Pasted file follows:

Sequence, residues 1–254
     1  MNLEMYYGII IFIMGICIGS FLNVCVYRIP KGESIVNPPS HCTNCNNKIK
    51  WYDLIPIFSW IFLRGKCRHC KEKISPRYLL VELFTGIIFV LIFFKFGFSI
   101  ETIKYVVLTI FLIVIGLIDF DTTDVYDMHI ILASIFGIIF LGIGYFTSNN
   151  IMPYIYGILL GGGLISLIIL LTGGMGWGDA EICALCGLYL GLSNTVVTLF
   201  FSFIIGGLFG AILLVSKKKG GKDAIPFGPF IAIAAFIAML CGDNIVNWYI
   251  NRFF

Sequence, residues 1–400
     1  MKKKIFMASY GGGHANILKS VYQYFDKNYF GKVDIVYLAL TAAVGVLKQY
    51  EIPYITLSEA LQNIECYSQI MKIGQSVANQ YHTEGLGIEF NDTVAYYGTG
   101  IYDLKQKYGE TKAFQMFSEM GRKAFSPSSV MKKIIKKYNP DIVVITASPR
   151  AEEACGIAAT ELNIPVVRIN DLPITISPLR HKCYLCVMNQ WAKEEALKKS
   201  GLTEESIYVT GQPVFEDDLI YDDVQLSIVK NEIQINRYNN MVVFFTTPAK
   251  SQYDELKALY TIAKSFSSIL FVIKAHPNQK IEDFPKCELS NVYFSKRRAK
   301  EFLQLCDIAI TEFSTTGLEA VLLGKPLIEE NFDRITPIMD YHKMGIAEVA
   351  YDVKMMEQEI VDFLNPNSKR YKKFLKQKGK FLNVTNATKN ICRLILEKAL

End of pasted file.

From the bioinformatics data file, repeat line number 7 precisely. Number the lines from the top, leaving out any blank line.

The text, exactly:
   251  NRFF